The Underground Railroad by Whitehead- A Reminder of a Past Every Human Being should be Ashamed of
29th August, 2017
Two slaves try to escape from their master and hope to lead a free life elsewhere. The journey will take the reader through Georgia, North Carolina, South Carolina, Tennessee and Indiana; each place reeking of a distinct flavour.
The novel won Pulitzer Prize for Fiction (2017), National Book Award for Fiction (2016) and Arthur C. Clarke Award (2017), to name a few. It is longlisted for Man Booker Prize (2017).
The Underground Railroad is a vast network of people who helped fugitive slaves escape to the North and Canada. It was collectively run by many individuals, dominated by black people and included a few whites too. The main aim was to help the slaves escape their ill fates and have a better life. It was interesting to read about this operation manifested as an actual railroad in Whitehead’s book.
The story is set in the early 1820’s. Cora and Caesar are slaves who are on the run from Randall’s plantation. Cora is a third generation slave whose grandmother, Ajarry, was captured by the whites. Her mother, Mabel, is the only slave who has fled the plantation and not been captured back. Hence, Caeser sees Cora as a lucky charm who will benefit his escape through the underground railroad. But the slave catcher, Ridgeway, who still holds the grudge that he could not catch Mabel is out to hunt both of them down.
The brutal history
I applaud the research that has gone into writing this book. The horrifying punishments imparted on slaves made me question humanity in people. How can anyone do such gruesome acts to another human being? I read several passages with a lump in my throat. It was terrible, unimaginable and shattering. Whitehead also uses inspiration from original notices that announced the names and descriptions of the slaves who escaped. This made the book feel even more real.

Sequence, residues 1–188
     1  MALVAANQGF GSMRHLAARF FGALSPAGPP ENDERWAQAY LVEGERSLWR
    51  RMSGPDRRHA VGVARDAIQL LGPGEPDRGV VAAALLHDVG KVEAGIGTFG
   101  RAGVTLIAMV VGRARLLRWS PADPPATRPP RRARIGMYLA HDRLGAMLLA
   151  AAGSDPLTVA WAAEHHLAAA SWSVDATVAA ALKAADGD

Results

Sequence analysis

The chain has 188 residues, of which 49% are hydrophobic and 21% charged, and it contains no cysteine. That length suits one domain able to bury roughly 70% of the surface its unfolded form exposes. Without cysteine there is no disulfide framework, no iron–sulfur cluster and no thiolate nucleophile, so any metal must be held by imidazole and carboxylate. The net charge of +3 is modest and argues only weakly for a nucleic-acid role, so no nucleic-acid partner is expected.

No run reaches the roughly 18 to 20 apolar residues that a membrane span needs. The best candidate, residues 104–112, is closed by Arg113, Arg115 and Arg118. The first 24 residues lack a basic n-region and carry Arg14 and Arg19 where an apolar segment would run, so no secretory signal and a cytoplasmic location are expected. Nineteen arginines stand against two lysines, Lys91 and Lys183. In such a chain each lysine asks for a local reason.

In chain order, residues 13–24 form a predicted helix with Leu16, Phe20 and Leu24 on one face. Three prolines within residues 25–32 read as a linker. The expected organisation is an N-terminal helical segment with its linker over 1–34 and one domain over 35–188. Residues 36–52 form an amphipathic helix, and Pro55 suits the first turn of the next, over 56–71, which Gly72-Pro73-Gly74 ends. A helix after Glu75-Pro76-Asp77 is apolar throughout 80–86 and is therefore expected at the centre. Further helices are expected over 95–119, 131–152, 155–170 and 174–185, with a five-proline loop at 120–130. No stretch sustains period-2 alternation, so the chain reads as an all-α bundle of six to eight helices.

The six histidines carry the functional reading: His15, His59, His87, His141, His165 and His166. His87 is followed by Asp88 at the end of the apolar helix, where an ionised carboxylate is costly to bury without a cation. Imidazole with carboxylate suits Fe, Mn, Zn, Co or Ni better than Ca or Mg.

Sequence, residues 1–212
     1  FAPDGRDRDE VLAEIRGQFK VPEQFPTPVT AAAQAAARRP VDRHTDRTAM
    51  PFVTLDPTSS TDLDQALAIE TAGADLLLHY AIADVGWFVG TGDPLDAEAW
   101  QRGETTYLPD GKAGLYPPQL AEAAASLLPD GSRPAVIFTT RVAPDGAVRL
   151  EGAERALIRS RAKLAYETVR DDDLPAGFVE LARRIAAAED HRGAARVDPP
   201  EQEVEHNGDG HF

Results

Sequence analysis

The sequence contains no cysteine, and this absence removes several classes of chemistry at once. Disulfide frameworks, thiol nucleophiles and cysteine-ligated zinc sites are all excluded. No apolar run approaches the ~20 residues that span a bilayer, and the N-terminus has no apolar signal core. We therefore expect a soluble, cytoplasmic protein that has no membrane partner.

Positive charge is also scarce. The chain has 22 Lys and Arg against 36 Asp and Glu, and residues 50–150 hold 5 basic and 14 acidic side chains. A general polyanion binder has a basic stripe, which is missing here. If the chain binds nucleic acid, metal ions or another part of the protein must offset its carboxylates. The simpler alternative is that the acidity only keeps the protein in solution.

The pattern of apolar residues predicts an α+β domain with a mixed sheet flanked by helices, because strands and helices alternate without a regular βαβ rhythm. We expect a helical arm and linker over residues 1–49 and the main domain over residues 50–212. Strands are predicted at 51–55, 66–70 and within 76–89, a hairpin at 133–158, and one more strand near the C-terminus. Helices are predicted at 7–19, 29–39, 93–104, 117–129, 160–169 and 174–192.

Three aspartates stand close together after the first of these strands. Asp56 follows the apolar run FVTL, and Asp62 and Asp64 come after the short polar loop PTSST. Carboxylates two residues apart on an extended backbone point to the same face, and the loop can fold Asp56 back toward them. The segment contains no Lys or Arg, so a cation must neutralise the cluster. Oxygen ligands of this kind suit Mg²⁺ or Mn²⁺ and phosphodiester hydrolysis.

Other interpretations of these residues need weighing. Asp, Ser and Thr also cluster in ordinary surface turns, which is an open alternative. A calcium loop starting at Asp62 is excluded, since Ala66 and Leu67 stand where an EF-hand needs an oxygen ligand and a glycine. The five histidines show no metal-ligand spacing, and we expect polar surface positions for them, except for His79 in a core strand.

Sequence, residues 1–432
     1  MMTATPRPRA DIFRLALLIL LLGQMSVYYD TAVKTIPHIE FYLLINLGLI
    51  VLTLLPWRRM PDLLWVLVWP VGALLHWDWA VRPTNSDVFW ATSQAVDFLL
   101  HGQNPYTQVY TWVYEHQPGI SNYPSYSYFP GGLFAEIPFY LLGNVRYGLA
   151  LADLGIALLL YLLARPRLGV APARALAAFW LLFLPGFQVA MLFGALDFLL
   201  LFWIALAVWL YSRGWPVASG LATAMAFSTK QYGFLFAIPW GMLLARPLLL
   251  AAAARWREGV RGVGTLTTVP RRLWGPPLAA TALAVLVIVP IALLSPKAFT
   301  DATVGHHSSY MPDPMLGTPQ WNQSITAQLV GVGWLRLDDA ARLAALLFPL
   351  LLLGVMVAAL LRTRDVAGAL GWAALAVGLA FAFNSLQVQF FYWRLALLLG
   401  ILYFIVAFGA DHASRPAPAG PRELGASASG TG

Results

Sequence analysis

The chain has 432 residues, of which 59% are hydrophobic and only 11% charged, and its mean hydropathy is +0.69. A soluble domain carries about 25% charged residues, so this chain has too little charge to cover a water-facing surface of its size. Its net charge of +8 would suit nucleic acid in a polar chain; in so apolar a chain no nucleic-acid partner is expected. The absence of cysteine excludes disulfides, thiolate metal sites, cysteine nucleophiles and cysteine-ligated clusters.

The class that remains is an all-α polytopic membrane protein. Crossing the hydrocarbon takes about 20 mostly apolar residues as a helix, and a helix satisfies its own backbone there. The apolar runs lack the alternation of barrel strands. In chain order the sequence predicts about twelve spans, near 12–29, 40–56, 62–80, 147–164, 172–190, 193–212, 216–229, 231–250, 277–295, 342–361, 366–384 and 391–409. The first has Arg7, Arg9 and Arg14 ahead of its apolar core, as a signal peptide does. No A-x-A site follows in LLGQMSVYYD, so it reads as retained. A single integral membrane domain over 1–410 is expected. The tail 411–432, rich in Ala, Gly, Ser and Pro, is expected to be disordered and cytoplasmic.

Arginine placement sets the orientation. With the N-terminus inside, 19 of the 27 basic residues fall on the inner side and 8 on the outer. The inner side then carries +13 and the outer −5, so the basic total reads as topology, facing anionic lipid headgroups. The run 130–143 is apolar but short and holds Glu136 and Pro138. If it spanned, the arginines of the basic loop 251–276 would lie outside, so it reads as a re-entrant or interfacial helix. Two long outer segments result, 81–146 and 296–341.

Oppression of women
Further saddening is how women have always been the lowest rung of human life. As much as the book made me well up about the treatment of slaves, I was touched by how bad women were treated; both by the masters and by fellow slaves. It does seem that women are an easy prey on whom men can take out their frustrations.
The idea of freedom
The whole novel focusses on the aspect of freedom. It also makes you think how much freedom are you entitled to even after you break free? Cora sees new shackles in the ‘free world’ such as religious teachings, sterilization and being forced to enact African way of living as perceived by the whites in a museum.
Half baked Characters
While I was more or less invested in the story of Cora and her struggles to break free, I was not that eager about any of the other main characters. And while some of the minor characters (such as a white woman who sees Cora as something sent by God for her to save, people who believe in freedom of slaves but think they should be sterilized) were interesting to read about and wonderfully written; many other minor characters fell flat for me.
I had high expectations for the book because it won so many awards and was a pick for Oprah’s Book Club. I usually love the ones I have read from Oprah’s picks, a recent one being Ruby by Cynthia Bond which ended up being an eternal favourite. However I was slightly underwhelmed by the way this novel was written. I did not feel that deep connection to the characters mentioned in the story. Perhaps I have been unconsciously comparing the book to Yaa Gyasi’s Homegoing, which I read recently and adored even though each generation in the family saga is condensed to one chapter. I might say Homegoing is a better pick than The Underground Railroad if you have the time for just one book. But of course, both novels have their own share of merits.
I was troubled by the ending chapters being crammed with lots of new twists instead of a steady pacing throughout the novel. But may I also add that I cried at Mabel’s story? It was heart breaking to read how her story unfolded before the book ended.
Final Verdict :
This is an excellent read; but I expected more from the book. I would recommend the book for it’s honest and brutal portrayal of slavery and successful attempt to opening the reader’s eyes to how cruel one race can be towards another race. I urge the reader to look for the tyranny and its consequences on the slaves and over look the abrupt transitions in plot and off beat pacing in this important work of historical fiction.
Title : The Underground Railroad
Author : Colson Whitehead
Publisher : Doubleday
Language : English
Pages : 306
Rating : 3.5/5
Do you have recommendations for novels that focus on slave trade?